Because the frustrated phagosome appeared to retain some antimicrobial function, we assessed the effect of the frustrated phagosome environment on the fate of partially internalized hyphae. We could not detect significant loss of viability of the partially internalized C. albicans, as assessed by propidium iodide staining. We reasoned that the antimicrobial effectors may not suffice to kill the fungus, yet their effects may manifest as an observable change in the rate of hyphal extension, which can average 0.31 µm min−1 on serum agar (GOW and Gooday, 1982). When measured in RPMI medium without serum (wthout macrophages present) C. albicans hyphae grew at a rate of 0.22 µm min−1 ±0.03. Remarkably, the extension rate of partially internalized hyphae, which displayed an actin cuff, was significantly reduced (0.11 µm min−1 ±0.01). This reduced growth rate was not different (p=0.742) to that of fully internalized hyphae (0.108 µm min−1 ±0.011). In the same experiments, neighboring C. albicans hyphae not in contact with macrophages grew at a rate of 0.198 µm min−1 ±0.014, indistinguishable from that measured in the absence of macrophages. Therefore, while small molecular weight contents can eventually diffuse out of the frustrated phagosome, they are nevertheless retained sufficiently to limit the growth of partially internalized C. albicans. This microbiostatic effect on partially internalized C. albicans hyphae could be ablated by blocking macrophage CR3 with the M1/70 antibody (see Figure 3F,G and H) before phagocytosis (Figure 10—figure supplement 2), reiterating the importance of CR3 ligation to β(1,3)-glucan for the generation and maintenance of this atypical phagocytic environment.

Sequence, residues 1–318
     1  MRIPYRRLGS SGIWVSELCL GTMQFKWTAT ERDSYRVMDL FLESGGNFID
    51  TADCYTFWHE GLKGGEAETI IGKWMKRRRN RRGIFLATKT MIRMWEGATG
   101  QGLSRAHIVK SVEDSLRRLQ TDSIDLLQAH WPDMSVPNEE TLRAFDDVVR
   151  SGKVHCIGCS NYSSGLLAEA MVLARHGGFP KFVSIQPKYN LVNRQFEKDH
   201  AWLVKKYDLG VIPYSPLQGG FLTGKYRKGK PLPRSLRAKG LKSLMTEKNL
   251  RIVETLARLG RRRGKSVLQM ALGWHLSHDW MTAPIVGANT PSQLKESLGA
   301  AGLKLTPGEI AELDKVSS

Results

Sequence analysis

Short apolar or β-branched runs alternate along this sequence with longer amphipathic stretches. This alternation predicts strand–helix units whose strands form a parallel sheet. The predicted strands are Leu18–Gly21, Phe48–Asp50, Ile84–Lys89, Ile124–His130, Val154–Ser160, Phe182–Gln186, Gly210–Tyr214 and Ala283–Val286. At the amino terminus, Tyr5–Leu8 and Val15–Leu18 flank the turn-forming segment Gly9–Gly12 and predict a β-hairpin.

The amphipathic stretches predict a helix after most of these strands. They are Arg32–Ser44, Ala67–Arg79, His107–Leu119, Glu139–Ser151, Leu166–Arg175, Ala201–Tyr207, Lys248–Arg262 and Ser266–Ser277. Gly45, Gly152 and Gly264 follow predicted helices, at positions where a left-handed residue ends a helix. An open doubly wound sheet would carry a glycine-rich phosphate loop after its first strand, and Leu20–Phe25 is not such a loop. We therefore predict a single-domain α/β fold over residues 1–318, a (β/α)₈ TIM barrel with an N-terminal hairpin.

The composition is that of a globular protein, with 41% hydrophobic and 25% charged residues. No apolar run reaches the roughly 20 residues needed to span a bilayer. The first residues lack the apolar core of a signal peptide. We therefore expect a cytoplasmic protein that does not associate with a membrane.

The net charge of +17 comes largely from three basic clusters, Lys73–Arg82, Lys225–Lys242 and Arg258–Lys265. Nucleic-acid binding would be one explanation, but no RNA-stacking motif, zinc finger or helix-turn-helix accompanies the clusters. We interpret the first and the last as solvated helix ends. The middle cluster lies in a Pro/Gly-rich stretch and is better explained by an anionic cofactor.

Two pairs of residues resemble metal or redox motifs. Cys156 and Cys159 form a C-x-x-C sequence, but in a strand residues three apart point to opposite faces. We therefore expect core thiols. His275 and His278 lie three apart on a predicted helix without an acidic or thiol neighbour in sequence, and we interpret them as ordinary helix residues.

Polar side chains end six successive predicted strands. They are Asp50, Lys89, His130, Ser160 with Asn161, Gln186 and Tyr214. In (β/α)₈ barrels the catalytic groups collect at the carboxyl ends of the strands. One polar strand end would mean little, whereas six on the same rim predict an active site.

Discussion

Most of the microbicidal and degradative properties of the phagosome depend on the release and containment of lysosomal hydrolases, antimicrobial peptides and reactive oxygen species in close proximity to the internalized microorganism. However, when phagocytes are faced with exceptionally large targets, their internalization can become retarded or frustrated altogether. The inability to complete phagocytosis, as in the case of long asbestos fibers (Donaldson et al., 2010) or bacterial biofilms (Costerton et al., 1999; Scherr et al., 2014; Thurlow et al., 2011) can potentiate harmful inflammation.

C. albicans hyphae can attain lengths of ≥50 μm (GOW and Gooday, 1982), overwhelming the comparatively diminutive phagocytes that are unable to ingest them whole. Accordingly, attempts to internalize such hyphae are frustrated and inflammatory in nature (Branzk et al., 2014; Goodridge et al., 2011; Lewis et al., 2012; Rosas et al., 2008). Nevertheless, our study shows that macrophages endeavor to seal the frustrated phagocytic compartment, in an effort to maximize their antimicrobial effect and minimize the release of inflammatory agents. To this end, they generate de novo a strikingly effective diffusion barrier by a process that involves activation of integrins that induce the formation of a thick F-actin cuff at the neck of the tubular phagosomes. The formation of actin-rich structures was reported previously during infection of macrophages with C. albicans (García-Rodas et al., 2011; Heinsbroek et al., 2009; Strijbis et al., 2013) and other rod/filament shaped microbes (Gerisch et al., 2009; Prashar et al., 2013), but neither their mechanism of assembly nor their functional significance were fully understood, which motivated our studies.